A Palestinian fighter was killed by Israeli shelling on Monday after Israeli warplanes struck the Gaza Strip following fresh rocket fire from the besieged territory, medics and security sources said.
Khaled al-Kafarneh, 22, was killed when an artillery shell hit his house in Beit Hanun in the north of the Hamas-run territory, medics said.
Islamic Jihad said the Palestinian was a member of its armed wing and that he was killed by Israeli fire near the northern Gaza town of Beit Hanoun while trying to attack Israeli troops along the frontier.
The Israeli army said it was checking into the reports.
Israeli warplanes also carried out air strikes in the south of the territory, causing damage but no injuries, after militants fired two rockets into Israel on Sunday.
The violence comes as Egypt continued efforts to broker a lasting truce in the strip to replace shaky mutual ceasefires called by Israel and Hamas on January 18, ending Israel's massive 22-day war on the impoverished territory.
An Israeli helicopter also carried out a raid in an unpopulated area of Beit Lahiya in northern Gaza, but caused no casualties.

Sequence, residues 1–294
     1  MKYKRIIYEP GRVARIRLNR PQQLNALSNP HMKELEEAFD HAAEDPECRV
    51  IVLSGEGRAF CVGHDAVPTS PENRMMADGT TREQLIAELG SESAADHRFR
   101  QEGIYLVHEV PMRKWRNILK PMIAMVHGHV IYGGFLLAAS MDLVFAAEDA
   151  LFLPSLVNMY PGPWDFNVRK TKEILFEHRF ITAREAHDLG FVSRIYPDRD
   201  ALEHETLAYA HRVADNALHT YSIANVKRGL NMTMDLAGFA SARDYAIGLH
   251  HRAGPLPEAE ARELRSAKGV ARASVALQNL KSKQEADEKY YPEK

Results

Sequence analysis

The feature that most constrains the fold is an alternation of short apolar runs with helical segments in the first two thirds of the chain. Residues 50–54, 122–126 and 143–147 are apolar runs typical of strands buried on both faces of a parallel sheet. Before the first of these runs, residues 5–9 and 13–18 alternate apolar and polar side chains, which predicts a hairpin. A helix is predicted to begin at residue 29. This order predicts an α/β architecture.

Palestinian fighters fired two rockets on Sunday into southern Israel that caused no injuries, an Israeli military spokesman said.
Militants have fired about 40 rockets and mortar rounds since the end of the war, which left 1,330 Palestinian and 13 Israelis dead.
Israel, which launched its offensive on December 27 with the stated aim of stemming rocket attacks, has warned of "the severest riposte" to any further rocket fire.
Hopes of truce
Egypt has voiced hope that a Gaza truce accord between Israel and the Hamas can be reached in the next few days.
Israel has kept the densely populated territory closed to all but essential supplies since June 2007 when Hamas seized power, ousting forces loyal to Palestinian president Mahmoud Abbas.
With his opinion poll lead narrowing ahead of Tuesday's parliamentary election, right-winger Benjamin Netanyahu has pledged to end Hamas rule in the Gaza Strip and proposed focusing peace talks with the Palestinians on economic issues.
His main opponent, the centrist Kadima party leader Tzipi Livni, Israel's foreign minister, said she would continue U.S.-sponsored land-for-peace talks, an outcome favored by the new Obama administration in Washington.